> the idea of an 'include' you will most probably end up with this
> solution: the container will not change, but the included content might
> change (if you dynamically include files). Therefore you only have to
> define the containers once (in the main file), and the included pages do
> only contain content information. This has another advantage: it's
> easier to edit such a 'container-less' page width a WYSIWIG-editor such
> as dreamweaver and the like in a 'non-cms-environment' where less
> experienced users are uploading only content-pages via FTP...
>
> but there are many roads to choose


Ultimately, a container is _always_ left in the receiving file.

--
Neredbojias
Half lies are worth twice as much as whole lies.
 
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dorayme
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      08-10-2007
In article <f9hds5$tai$(E-Mail Removed)>,
Bernhard Sturm <(E-Mail Removed)> wrote:

> Beauregard T. Shagnasty wrote:
> > dorayme wrote:
> >> I sometimes wonder what other folks do in regard to the includes, do
> >> they put in all the enclosing element markup within the include or
> >> leave the container explicit in the html file to remind the author
> >> how the include goes. I tend to go the greedy route and put all in
> >> the include. This is to show high wire courage in the face of a
> >> creeping dementia.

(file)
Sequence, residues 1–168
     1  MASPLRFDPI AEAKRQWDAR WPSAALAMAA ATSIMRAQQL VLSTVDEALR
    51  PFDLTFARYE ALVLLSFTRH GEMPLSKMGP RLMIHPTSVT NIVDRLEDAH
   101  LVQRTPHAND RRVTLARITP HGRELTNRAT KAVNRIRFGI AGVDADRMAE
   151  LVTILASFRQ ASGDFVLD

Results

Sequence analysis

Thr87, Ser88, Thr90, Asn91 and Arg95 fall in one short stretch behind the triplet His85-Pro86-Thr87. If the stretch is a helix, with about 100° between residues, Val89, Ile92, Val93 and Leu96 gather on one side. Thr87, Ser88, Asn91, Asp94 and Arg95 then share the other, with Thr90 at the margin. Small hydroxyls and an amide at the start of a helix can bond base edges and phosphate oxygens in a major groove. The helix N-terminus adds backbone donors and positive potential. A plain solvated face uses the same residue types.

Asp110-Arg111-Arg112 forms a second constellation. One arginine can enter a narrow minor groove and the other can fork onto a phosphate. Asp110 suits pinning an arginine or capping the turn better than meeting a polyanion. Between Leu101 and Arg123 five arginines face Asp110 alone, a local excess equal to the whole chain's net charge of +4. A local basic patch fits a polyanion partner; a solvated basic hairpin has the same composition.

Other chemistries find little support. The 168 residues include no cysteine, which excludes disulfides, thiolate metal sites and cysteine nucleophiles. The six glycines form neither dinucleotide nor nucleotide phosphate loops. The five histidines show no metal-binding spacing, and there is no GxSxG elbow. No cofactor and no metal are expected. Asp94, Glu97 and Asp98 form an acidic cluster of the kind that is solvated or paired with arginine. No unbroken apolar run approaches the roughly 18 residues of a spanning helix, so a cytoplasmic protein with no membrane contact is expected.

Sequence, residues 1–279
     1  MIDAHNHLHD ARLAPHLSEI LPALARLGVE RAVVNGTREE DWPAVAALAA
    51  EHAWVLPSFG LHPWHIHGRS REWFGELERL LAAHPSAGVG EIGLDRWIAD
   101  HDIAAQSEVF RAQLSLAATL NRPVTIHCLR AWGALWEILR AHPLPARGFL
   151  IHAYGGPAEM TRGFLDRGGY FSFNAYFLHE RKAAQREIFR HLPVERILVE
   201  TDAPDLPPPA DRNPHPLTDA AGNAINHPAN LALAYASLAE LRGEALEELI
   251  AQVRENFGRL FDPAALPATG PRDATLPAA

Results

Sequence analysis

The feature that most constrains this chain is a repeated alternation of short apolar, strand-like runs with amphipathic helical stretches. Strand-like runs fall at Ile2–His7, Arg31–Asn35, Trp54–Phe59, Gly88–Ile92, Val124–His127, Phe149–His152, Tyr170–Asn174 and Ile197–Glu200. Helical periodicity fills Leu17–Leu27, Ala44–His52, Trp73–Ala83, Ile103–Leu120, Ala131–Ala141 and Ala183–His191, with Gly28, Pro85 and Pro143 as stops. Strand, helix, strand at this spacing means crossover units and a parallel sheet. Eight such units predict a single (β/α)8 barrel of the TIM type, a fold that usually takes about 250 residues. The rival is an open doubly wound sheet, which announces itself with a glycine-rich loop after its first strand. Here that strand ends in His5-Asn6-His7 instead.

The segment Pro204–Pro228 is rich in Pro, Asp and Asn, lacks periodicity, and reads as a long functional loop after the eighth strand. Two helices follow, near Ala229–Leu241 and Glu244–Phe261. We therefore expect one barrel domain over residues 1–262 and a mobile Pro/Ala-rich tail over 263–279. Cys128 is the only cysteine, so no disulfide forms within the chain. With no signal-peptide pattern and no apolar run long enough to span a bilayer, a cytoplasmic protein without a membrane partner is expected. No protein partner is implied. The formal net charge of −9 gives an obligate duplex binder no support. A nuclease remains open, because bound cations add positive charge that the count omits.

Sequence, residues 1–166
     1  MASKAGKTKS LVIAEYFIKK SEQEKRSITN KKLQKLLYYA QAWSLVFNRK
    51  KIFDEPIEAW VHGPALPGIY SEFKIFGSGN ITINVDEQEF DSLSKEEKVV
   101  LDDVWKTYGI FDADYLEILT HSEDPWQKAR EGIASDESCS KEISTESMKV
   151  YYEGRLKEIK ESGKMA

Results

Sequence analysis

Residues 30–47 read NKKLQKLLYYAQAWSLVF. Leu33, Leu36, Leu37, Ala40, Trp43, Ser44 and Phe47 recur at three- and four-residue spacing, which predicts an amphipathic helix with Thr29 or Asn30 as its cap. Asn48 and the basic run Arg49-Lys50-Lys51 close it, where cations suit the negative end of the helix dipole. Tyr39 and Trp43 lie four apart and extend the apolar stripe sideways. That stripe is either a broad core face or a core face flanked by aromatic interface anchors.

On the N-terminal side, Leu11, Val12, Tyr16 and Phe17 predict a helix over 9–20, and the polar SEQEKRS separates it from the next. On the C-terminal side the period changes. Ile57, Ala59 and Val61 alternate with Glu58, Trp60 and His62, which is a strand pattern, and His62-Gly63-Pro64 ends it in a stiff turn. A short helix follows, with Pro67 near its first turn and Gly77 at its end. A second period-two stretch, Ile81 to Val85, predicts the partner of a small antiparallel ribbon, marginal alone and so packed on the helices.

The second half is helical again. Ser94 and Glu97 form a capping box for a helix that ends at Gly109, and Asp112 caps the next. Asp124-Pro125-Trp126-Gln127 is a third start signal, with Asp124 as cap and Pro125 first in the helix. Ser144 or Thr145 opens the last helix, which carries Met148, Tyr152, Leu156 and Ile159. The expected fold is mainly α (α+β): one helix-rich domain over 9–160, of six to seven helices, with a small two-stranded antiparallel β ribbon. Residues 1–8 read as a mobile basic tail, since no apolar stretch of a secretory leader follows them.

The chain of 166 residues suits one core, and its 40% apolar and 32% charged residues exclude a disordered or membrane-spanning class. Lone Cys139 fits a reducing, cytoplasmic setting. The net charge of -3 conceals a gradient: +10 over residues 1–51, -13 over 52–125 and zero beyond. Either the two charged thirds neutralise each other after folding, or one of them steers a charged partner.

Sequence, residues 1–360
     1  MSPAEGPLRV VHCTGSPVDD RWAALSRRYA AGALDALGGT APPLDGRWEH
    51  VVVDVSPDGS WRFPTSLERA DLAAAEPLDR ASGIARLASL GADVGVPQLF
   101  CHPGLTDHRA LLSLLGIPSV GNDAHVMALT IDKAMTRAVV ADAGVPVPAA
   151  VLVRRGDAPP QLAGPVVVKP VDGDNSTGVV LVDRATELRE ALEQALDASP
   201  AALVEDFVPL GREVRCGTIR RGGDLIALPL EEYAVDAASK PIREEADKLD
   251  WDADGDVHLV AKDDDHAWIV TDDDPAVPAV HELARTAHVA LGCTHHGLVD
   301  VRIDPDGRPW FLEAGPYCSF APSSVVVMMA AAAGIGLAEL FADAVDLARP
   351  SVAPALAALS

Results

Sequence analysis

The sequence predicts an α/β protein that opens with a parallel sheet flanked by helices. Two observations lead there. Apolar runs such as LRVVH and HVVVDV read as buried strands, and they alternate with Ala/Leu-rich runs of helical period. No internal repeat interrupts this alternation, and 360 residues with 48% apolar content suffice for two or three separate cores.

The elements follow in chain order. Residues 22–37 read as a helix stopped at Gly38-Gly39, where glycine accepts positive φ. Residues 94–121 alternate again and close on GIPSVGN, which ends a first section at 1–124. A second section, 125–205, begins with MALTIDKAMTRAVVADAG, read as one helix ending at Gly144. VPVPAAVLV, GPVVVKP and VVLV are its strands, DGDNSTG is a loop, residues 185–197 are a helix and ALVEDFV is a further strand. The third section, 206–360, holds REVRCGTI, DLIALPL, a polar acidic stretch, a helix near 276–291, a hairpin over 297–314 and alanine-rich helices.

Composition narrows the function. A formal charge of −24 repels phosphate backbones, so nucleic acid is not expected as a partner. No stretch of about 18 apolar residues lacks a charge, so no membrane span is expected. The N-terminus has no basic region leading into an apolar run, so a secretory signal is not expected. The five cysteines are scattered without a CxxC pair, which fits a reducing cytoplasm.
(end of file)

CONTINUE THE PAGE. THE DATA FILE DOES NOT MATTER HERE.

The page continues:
> >
> > I place everything in the include file that goes with that object. Can't
> > see any reason to have to remember to add containers or whatever to the
> > main file. Just add the 'include' line.
> >

> sometimes it's easier to have just the actual content in the included
> file, and to leave all the containers in the main file. If you follow
> the idea of an 'include' you will most probably end up with this
> solution: the container will not change, but the included content might
> change (if you dynamically include files). Therefore you only have to
> define the containers once (in the main file), and the included pages do
> only contain content information. This has another advantage: it's
> easier to edit such a 'container-less' page width a WYSIWIG-editor such
> as dreamweaver and the like in a 'non-cms-environment' where less
> experienced users are uploading only content-pages via FTP...
>
> but there are many roads to choose


True about the roads and an interesting point about editing. I am
not quite sure about the point re Dreamweaver though? If one has

<div id="nav">

include command

</div>

This is a container road, right?

--
dorayme
 
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Bernhard Sturm
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Posts: n/a
 
      08-11-2007
dorayme wrote:

>
> True about the roads and an interesting point about editing. I am
> not quite sure about the point re Dreamweaver though? If one has
>
> <div id="nav">
>
> include command
>
> </div>
>
> This is a container road, right?
>


yes. that's the road I usually take
assuming you would have such a construct in the main file:

<div id="content-container">
dynamically include content depending on menu context
</div>

the include file would then simply look like this:

<h2>Content only</h2>
<p>Paragraph with content</p>

This is much easier to maintain by someone who uses dreamweaver (or a
very simple WYSIWYG-editor) and who is only editing the content
includes. He or she will only see pure content markup no (probably)
confusing div holding it together as all containers are located in a
single file (the main file) and not distributed in various other content
files which makes my life as a webdesigner easier

cheers
bernhard

--
www.daszeichen.ch